On January 20th, 2019, Hong Kong inaugurated the Central-Wan Chai Bypass, one of a number of large-scale infrastructure projects that transformed the territory. The bypass promised to cut travel times between the eastern and western half of Hong Kong Island and also to liberate heavily trafficked arteries and roads, opening the possibility of rethinking districts. These possibilities continue to make their way through various stages of negotiation, design and implementation reflecting the government’s priorities for civic life, the environment and mobility.
One of the complex knots of infrastructure that was loosened by the Central-Wan Chai Bypass is found east of Shun Tak Centre. This confluence of roads, overpasses and elevated walk-ways was slated to be rethought when one of its major branches – the Rumsey Street Flyover – was scheduled demolished. Although the flyover represents no more than 100 metres of elevated autoroute, the consequences of its demolition could be exponentially significant — activating the street, rethinking transportation networks, linking to the water or new programs for the site — could all be envisioned through a careful analysis of the issues and concentric areas of impact implicated by the flyover’s demolition.
In the first semester (The Street as Negotiated Infrastructure), students developed a methodology for studying the street as an object of investigation, using photographic documentation, plan drawing and model to identify modes of intervention and initial design ideas. One of the underlying questions guiding the studio, was whether architecture could find a specific agency or method of work for the street, considering that nearly every discipline within the built environment (from landscape to urban planning to real estate) claims some authority (design or otherwise). Very often the street in Hong Kong is understood as a techno-bureaucratic infrastructure where human occupation is a veneer of design; the appropriation of streets and their civic role, while manifest through determined acts of domestic resistance, are relegated to the literal left-over spaces of the urban environment.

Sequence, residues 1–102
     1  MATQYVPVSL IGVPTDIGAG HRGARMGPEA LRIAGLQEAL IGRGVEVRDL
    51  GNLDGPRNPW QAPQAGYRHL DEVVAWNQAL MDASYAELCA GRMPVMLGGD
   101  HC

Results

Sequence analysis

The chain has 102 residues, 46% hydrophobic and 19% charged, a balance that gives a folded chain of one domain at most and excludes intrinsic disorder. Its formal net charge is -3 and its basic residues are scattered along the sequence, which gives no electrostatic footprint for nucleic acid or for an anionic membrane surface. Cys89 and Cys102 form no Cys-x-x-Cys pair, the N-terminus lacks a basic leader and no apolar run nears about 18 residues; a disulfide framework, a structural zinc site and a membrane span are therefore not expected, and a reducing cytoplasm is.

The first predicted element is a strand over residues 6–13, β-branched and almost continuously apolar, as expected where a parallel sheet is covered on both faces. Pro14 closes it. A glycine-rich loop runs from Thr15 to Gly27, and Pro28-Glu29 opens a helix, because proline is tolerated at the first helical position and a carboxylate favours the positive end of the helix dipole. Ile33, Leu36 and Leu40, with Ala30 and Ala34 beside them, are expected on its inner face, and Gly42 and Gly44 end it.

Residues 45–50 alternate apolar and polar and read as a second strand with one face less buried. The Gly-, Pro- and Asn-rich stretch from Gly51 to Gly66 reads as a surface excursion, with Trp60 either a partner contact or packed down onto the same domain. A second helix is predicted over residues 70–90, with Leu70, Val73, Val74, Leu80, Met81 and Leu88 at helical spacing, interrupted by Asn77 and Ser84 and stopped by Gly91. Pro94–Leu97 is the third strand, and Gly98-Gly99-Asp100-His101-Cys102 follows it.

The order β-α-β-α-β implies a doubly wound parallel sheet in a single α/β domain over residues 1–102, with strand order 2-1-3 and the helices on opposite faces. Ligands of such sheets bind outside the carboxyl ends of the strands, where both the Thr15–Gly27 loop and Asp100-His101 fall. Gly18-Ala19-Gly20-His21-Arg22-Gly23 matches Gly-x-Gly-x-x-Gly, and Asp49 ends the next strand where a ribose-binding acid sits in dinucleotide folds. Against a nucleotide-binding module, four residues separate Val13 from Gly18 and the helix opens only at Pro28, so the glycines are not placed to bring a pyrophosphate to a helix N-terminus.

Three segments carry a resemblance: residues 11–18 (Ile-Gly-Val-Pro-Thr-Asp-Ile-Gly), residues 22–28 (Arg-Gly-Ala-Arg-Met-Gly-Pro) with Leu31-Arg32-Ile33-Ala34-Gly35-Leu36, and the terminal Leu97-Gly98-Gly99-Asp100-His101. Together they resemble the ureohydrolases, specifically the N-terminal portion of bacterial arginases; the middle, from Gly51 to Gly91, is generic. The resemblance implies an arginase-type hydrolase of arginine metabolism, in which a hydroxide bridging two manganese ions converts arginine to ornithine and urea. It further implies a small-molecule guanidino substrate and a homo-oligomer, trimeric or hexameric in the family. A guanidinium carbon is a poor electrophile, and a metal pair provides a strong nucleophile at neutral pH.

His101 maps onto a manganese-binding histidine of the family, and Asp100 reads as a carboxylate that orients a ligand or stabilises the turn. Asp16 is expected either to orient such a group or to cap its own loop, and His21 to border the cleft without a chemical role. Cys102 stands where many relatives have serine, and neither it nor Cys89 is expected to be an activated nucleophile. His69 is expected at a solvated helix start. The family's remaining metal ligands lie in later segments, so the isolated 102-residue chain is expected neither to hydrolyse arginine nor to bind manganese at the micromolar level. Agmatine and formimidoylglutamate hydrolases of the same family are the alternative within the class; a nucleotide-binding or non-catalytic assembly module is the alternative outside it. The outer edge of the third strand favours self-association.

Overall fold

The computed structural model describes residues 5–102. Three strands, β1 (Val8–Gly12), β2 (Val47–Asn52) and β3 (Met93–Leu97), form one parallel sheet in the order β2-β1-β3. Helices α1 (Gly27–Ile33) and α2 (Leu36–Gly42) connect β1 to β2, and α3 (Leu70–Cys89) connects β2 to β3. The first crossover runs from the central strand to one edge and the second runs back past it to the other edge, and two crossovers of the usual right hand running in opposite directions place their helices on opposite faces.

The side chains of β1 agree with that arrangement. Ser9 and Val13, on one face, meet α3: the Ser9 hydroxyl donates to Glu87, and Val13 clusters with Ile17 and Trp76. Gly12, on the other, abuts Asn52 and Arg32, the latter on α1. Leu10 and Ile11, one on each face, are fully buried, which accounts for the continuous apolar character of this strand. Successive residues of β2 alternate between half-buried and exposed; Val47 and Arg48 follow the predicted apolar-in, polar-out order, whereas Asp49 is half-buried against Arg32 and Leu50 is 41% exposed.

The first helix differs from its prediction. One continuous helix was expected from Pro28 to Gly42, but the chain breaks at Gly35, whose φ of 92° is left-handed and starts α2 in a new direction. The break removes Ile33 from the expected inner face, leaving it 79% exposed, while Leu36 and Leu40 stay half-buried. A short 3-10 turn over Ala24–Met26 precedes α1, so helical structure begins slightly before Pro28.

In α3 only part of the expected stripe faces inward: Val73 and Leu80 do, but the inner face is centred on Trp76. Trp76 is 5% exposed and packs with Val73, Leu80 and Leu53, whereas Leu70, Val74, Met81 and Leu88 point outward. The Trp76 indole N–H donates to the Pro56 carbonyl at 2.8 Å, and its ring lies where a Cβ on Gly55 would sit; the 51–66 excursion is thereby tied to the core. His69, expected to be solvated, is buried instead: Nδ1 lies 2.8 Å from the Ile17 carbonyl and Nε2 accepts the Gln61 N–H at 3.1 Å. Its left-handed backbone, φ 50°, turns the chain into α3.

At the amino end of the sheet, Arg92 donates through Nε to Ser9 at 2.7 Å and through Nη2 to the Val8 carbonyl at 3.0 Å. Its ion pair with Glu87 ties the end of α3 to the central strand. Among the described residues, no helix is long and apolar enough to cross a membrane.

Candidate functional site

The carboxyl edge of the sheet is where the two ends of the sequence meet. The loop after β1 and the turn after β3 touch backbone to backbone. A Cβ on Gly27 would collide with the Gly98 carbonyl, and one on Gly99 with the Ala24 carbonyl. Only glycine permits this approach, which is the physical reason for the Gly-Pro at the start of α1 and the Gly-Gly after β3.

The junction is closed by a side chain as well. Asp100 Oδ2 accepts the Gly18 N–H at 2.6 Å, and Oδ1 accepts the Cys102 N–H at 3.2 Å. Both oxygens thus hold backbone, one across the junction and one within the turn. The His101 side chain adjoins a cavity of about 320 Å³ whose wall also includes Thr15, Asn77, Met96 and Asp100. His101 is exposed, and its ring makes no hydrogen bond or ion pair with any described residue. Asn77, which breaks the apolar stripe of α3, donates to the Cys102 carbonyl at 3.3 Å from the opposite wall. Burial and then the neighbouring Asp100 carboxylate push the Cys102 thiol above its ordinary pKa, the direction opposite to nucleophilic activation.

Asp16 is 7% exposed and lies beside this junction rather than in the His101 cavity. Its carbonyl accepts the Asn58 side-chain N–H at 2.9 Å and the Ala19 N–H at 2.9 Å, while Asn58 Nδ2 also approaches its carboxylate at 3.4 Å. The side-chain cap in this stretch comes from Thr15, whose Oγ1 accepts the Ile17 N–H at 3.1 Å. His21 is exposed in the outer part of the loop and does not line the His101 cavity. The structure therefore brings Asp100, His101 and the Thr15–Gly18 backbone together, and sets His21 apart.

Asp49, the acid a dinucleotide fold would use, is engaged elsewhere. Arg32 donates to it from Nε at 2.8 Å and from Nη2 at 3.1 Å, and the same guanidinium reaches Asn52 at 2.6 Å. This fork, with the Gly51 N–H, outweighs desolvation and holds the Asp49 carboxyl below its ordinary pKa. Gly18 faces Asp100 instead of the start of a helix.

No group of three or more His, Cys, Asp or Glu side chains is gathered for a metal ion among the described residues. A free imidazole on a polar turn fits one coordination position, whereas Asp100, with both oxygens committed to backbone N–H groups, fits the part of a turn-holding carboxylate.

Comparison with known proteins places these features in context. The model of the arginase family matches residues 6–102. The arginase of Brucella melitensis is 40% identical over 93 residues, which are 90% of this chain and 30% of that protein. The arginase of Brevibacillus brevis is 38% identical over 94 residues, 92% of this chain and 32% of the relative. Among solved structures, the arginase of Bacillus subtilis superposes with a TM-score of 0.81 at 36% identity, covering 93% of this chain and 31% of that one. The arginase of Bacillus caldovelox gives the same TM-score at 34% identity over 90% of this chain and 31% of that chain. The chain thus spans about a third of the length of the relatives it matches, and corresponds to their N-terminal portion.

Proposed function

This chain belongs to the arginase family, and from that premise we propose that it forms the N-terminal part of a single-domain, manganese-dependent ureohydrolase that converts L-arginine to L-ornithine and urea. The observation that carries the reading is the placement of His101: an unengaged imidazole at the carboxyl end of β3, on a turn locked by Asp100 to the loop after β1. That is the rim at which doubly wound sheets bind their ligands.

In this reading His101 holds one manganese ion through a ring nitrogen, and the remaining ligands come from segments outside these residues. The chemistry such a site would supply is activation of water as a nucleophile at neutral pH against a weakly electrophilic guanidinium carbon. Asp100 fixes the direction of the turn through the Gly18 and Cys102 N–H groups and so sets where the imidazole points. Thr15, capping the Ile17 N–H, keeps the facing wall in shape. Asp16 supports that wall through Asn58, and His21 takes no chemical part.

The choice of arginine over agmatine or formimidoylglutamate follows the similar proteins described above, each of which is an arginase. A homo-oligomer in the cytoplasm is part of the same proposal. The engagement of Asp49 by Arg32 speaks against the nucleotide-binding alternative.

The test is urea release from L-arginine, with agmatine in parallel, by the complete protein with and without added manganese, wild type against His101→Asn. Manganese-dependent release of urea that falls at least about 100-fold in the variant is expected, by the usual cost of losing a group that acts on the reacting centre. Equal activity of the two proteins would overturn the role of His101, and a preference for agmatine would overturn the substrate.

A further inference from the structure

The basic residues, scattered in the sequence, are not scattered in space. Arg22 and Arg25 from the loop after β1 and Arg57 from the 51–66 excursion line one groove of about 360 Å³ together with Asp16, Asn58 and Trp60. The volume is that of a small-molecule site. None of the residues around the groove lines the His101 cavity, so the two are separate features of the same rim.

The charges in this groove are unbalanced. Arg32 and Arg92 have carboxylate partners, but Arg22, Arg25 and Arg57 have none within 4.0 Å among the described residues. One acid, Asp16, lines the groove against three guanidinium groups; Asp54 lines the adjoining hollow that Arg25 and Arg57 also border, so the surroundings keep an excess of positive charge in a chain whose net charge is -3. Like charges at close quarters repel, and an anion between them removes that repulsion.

In the second semester, students used the expertise they developed to look at the demolition of the Rumsey Street Flyover as a catalyst for rethinking the street and surrounding neighborhood. The site of study offered each student or group of students the opportunity to develop their own position towards the future of Hong Kong and the possibilities opened up by the Central Wan Chai bypass.
Key questions: What role is there for architecture within the complex, negotiated decisions (political, economic, planning, etc.) that determine the street as an element of urban experience? How does the street work as a technical, structural, environmental and social infrastructure for the functioning of the city? What do we mean by street in the context of Hong Kong, where limits between publicly accessible and privately delimited spaces are ambiguous and where programmatic distinctions (between, for example, plaza, sidewalk, park, etc.) also call into question the nature and extent of the street? How do we consider the scalar and spatial diversity of streets in Hong Kong; is a street distinct from a highway, a footpath or an elevated walkway? How do vertical surfaces that delimit the space of the street act to qualify it? What are the limits of drawing and model to describe the street?
Cheung Hoi Ching Minia and Choi Chung Hei Vincent looked at the historical infill development of the neighbourhood and proposed a pedestrian highway and a negative port to reclaim the harbor.
Chun Bing Tsun Lester and So Cheuk Lam Jonathan discovered an abandon rail station under the site through research on buried infrastructural networks. The station and platform becomes part of a loop of civic infrastructure that gives ties together car-oriented elements that could soon become obsolete.
Shivangi Das and Park Ji Eun studied the ground under the overpass, cataloguing the columns that held up the highway. They redesigning the passage between city and harbor by transforming the existing streets into a shared realm for people and cars.
Fong Lixin Leon and Lai Hiu Lam Natalie began by looking at the underside of ceiling and underpasses that are often unremarked elements of the urban realm. Leon developed a green ceiling for the underpass and Natalie carved into the ground to create a connection to the harbor.
Szeto Wai Ching Regina and Soo Kwan Yau April studied the small scale elements around the flyover and imagined its demolition and reconstruction into a new ground that connected existing pedestrian networks while offering a place to stay and gather.
Sun Yue Rong Rayna and Wang Xiangning reimagined an existing refuse center to create a space to rest and stay.
University of Hong Kong // Department of Architecture // BAAS4_Spring 2019